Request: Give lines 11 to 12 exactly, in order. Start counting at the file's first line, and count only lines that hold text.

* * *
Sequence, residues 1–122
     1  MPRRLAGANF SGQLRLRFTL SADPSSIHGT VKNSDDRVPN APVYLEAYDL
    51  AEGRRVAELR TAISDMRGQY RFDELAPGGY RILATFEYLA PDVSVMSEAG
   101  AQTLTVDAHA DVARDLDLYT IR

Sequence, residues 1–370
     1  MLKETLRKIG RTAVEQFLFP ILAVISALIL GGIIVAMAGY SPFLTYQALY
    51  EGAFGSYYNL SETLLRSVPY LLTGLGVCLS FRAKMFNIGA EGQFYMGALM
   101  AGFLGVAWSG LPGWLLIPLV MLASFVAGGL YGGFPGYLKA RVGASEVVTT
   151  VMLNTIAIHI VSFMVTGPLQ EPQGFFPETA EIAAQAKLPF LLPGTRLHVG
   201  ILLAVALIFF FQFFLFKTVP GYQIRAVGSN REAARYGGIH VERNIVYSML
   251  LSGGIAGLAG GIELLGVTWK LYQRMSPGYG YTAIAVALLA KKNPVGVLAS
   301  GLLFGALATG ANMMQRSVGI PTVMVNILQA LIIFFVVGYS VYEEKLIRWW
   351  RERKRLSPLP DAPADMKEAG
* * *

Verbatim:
   251  LSGGIAGLAG GIELLGVTWK LYQRMSPGYG YTAIAVALLA KKNPVGVLAS
   301  GLLFGALATG ANMMQRSVGI PTVMVNILQA LIIFFVVGYS VYEEKLIRWW